WHERE [match criterion] 
                                        AND p.parent = nx.node )

As I mentioned above, user access can be controlled by giving a user relevant roles on one or more sub-trees. I need a role allocation table to link users to nodes:

user role (r):
a record defining the role that a User has for the given node

  • r.node is the node in question
  • r.user is a User reference
  • r.role is a Role reference

From this I need to find either a set of nodes that a given user can access, or the set of roles that are relevant for a given user on a given node.

Identify a User’s sub-tree roots

Each sub-tree starts at the first mention of this User in any path in a depth-first search

  SELECT * FROM n JOIN r ON node
           WHERE r.user = this_user
           AND NOT EXISTS (SELECT node FROM n AS nx JOIN p AS px ON node 
                                       WHERE [match criterion] 
                                       AND n.node = nx.node)
Finding all possible Roles for a User on a given node

The problem is to find all the Roles that a user inherits from the source node and the parents of the source node.

  SELECT r.* FROM n JOIN r ON node
                  JOIN (SELECT px.parent as node FROM p AS px
                                        WHERE px.node = source) AS py ON node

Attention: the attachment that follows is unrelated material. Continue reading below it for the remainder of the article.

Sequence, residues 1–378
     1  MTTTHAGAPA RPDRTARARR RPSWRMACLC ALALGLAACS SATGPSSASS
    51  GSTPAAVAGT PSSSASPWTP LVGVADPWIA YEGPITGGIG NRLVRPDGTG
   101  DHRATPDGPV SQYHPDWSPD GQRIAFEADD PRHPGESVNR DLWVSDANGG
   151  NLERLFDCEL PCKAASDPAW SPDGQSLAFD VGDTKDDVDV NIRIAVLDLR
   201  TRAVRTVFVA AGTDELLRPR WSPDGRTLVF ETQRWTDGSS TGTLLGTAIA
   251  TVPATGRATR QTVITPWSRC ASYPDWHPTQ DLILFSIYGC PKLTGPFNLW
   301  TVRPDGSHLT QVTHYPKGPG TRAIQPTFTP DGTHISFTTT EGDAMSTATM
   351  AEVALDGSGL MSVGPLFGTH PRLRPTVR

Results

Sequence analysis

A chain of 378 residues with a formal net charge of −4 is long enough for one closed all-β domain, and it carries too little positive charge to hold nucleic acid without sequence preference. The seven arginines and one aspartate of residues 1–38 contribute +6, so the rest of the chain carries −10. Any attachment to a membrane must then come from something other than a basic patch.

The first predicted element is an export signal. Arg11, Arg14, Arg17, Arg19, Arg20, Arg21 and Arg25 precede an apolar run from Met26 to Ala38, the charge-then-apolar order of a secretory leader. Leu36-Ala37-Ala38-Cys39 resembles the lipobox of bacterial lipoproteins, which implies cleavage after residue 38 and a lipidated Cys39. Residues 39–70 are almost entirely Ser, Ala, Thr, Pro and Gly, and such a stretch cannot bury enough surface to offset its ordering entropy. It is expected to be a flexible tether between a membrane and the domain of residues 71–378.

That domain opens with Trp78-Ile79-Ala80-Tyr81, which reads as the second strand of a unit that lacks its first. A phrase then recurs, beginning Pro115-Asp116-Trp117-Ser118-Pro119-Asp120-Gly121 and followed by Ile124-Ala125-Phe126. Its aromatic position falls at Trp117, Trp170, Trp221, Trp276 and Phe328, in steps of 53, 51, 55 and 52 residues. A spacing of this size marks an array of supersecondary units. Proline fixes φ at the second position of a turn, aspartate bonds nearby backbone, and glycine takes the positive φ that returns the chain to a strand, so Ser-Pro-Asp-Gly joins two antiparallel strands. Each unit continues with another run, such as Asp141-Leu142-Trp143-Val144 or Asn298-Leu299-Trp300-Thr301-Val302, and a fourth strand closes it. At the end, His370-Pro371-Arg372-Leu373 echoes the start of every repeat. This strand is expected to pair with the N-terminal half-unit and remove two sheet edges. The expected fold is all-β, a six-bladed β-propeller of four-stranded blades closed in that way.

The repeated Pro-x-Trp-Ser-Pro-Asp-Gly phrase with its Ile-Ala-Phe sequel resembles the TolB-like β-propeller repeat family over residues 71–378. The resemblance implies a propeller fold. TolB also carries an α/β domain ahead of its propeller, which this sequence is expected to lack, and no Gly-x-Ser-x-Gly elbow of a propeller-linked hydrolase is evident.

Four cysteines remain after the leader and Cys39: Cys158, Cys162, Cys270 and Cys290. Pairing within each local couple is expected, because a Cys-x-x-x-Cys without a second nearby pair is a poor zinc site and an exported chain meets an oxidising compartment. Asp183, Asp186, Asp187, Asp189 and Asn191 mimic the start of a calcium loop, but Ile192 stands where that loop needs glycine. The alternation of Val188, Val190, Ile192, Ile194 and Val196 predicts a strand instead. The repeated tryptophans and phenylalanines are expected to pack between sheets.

UNION SELECT r.* FROM n JOIN r ON node
                   WHERE r.node = source

I’m sure you’ve noticed that these patterns do not use the edge table. I still need it, though, on the one hand to identify parents, siblings and children of the node being dislayed, and on the other to build the parent manifest when unlinking nodes from the graph. The parent manifest looses information because a node could derive an ancestor through more than one path through the graph. So I need the edge table as a definition of the graph for those cases where the actual path is important.

These small functional elements may need to be combined to do interesting things. A generic search, for instance, would need to be limited to sub-trees that the user is allowed to see. Of course, in Python, what is really nice is using SQLAlchemy to do the work. Because a query object is generative I can build a few basic query elements to get, for example, the whole tree that a user is permitted to see, and then restrict that by adding further filters according to the need of the moment. SQLAlchemy manfully creates whatever complex structure I need and the database backend does the rest. It all turns out to be surprisingly easy.

1 comment » | Development

Back to top